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Surprise, Surprise! BND Spying on U.S. Governmental Agencies, Individuals and NGO’s

Dave Emory’s entire life­time of work is avail­able on a flash dri­ve that can be obtained here. [1] The new dri­ve is a 32-giga­byte dri­ve that is cur­rent as of the pro­grams and arti­cles post­ed by late spring of 2015. The new dri­ve (avail­able for a tax-deductible con­tri­bu­tion of $65.00 or more) con­tains FTR #850 [1].

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[6]

Rein­hard Gehlen: Nazi head of post­war Ger­man intel­li­gence

[7]COMMENT: In our long, ongo­ing For The Record series on The Adven­tures of Eddie the Friend­ly Spook (Snow­den), we have not­ed a num­ber of points, includ­ing the fact that all major intel­li­gence ser­vices spy on the polit­i­cal offi­cials, gov­ern­men­tal agen­cies and intel­li­gence ser­vices of oth­er nations, includ­ing osten­si­ble allies.

The revolt­ing cat­er­waul­ing com­ing from Ger­many over the NSA’s mon­i­tor­ing of Merkel’s cell phone should be weighed against the back­ground of the fol­low­ing sto­ry. Note that, accord­ing to the ven­er­a­ble Der Spiegel, the BND has been doing exact­ly what NSA has been doing and doing it to the U.S. as well as oth­er coun­tries.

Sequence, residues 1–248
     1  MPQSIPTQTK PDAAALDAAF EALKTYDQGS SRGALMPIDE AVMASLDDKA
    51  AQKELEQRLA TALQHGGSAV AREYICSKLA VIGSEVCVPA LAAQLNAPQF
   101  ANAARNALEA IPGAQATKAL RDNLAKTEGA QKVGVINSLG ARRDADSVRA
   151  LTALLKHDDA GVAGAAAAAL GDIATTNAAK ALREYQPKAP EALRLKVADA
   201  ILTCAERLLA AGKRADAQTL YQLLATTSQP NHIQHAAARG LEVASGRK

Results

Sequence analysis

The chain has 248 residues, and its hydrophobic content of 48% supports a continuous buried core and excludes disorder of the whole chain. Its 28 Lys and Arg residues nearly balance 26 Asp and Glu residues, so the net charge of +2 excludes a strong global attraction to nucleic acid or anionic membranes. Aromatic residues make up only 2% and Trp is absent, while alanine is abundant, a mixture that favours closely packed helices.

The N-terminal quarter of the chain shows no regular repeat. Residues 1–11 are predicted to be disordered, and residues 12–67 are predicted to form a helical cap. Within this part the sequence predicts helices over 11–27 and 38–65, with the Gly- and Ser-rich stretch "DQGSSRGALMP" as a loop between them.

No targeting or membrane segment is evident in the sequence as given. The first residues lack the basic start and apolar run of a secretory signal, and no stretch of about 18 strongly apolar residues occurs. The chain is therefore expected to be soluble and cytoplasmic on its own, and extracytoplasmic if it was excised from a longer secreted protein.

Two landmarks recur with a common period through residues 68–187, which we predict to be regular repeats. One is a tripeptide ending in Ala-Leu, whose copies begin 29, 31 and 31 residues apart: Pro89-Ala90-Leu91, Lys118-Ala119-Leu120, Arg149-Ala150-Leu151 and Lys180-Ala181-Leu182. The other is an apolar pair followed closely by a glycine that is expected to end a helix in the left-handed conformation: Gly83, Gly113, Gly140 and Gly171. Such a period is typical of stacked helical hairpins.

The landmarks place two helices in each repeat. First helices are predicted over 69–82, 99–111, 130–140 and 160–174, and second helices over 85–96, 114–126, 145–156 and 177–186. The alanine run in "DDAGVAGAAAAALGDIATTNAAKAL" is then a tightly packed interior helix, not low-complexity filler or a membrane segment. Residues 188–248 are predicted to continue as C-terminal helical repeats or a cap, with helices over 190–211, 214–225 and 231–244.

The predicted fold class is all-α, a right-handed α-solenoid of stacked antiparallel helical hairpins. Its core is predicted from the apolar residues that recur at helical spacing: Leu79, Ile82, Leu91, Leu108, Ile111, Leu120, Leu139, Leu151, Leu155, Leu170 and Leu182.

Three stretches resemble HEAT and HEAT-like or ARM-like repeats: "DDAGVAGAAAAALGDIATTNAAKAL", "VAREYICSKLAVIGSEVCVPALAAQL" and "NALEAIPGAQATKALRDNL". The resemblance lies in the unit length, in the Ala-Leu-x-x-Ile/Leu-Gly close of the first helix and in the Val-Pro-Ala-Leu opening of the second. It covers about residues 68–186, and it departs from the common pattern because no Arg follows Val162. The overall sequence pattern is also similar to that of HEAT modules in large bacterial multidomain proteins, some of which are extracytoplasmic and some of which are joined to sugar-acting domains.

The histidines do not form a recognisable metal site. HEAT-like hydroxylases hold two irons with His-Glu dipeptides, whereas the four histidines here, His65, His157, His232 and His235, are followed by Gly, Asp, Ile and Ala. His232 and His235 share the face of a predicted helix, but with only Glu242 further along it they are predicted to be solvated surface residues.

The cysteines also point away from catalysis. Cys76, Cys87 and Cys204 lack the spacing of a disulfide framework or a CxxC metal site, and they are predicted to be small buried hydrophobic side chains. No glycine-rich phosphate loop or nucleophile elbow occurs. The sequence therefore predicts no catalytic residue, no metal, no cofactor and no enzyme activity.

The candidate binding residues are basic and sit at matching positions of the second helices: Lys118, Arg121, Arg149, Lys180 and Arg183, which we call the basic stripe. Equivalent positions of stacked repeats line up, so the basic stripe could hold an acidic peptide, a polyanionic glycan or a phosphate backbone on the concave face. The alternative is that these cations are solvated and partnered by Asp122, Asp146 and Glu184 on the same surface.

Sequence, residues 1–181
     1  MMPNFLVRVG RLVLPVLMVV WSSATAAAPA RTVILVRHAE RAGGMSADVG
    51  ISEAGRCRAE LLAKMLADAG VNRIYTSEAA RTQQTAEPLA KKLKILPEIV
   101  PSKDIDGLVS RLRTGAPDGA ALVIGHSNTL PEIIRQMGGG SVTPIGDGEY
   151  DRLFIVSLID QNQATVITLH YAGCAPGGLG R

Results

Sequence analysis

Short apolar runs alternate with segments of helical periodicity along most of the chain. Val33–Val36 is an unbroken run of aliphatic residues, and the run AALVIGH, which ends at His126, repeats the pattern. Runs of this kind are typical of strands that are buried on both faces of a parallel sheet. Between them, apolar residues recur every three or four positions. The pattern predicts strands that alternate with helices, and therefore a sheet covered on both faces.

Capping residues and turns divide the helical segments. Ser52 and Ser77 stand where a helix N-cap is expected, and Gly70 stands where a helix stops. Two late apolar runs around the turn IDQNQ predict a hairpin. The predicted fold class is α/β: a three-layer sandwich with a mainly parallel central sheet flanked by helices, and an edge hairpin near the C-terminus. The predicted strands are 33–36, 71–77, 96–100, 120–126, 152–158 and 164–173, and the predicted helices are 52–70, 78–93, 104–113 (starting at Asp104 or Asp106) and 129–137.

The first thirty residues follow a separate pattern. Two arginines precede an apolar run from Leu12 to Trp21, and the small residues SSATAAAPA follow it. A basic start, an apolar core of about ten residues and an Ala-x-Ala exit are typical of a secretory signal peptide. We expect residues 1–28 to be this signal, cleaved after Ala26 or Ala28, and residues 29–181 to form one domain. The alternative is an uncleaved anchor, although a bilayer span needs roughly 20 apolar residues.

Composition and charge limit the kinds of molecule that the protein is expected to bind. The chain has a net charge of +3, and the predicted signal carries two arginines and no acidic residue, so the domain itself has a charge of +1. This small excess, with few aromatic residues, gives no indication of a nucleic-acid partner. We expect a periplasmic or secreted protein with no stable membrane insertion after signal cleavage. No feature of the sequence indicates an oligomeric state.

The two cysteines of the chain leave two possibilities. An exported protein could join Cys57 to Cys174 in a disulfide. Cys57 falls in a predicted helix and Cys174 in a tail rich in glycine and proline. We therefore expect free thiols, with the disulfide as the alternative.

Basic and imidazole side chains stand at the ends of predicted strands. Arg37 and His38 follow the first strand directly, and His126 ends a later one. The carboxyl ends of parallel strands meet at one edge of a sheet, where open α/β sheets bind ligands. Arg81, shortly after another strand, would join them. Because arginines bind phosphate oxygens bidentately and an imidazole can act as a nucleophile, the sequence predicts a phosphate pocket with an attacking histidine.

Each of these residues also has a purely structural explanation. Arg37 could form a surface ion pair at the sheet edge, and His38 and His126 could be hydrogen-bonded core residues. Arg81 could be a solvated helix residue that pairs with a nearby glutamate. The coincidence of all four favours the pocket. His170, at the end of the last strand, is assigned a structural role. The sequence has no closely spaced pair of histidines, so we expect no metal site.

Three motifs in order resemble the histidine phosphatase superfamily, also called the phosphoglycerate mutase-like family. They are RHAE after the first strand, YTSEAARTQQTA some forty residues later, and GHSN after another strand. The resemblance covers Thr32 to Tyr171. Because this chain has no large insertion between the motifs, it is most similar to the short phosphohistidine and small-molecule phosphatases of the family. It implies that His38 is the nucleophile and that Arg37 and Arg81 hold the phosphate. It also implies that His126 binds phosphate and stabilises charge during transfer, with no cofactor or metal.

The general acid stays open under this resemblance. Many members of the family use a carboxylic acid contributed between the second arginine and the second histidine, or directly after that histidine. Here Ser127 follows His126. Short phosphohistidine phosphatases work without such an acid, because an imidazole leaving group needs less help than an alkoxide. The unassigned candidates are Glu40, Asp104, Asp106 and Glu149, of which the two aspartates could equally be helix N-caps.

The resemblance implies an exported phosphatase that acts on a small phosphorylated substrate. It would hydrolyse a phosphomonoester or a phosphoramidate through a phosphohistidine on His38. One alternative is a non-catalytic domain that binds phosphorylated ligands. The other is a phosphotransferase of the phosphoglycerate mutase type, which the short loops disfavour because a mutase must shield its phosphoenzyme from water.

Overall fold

” . . . Der Spiegel, anoth­er respect­ed Ger­many week­ly, how­ev­er, report­ed a sim­i­lar sto­ry [8] over the week­end, writ­ing that the Ger­man coun­ter­part to the CIA, the Bun­desnachrich­t­en­di­enst (BND), was spy­ing on offi­cials in the Unit­ed States, Britain, France, Switzer­land, Greece, and oth­er Euro­pean coun­tries.

Accord­ing to Der Spiegel, the list extend­ed to NGOs, includ­ing the Red Cross and the Inter­na­tion­al Crim­i­nal Court. The infor­ma­tion was obtained “from sources [8].” . . .”

“They’re shocked, shocked!” [9]

We, how­ev­er aren’t.

If YOU are “shocked, shocked,” con­sid­er this: If you are using T‑mobile, or it sub­sidiary com­pa­ny Metro PCS, you are com­mu­ni­cat­ing on tech­nol­o­gy owned by the Ger­man gov­ern­ment, which owns a con­trol­ling inter­est in Deutsche Telekom, par­ent of the phone firms. Undoubt­ed­ly, the BND is mon­i­tor­ing your com­mu­ni­ca­tions, and you should under­stand that for­eign­ers have NO PRIVACY RIGHTS WHATSOEVER under Ger­man law.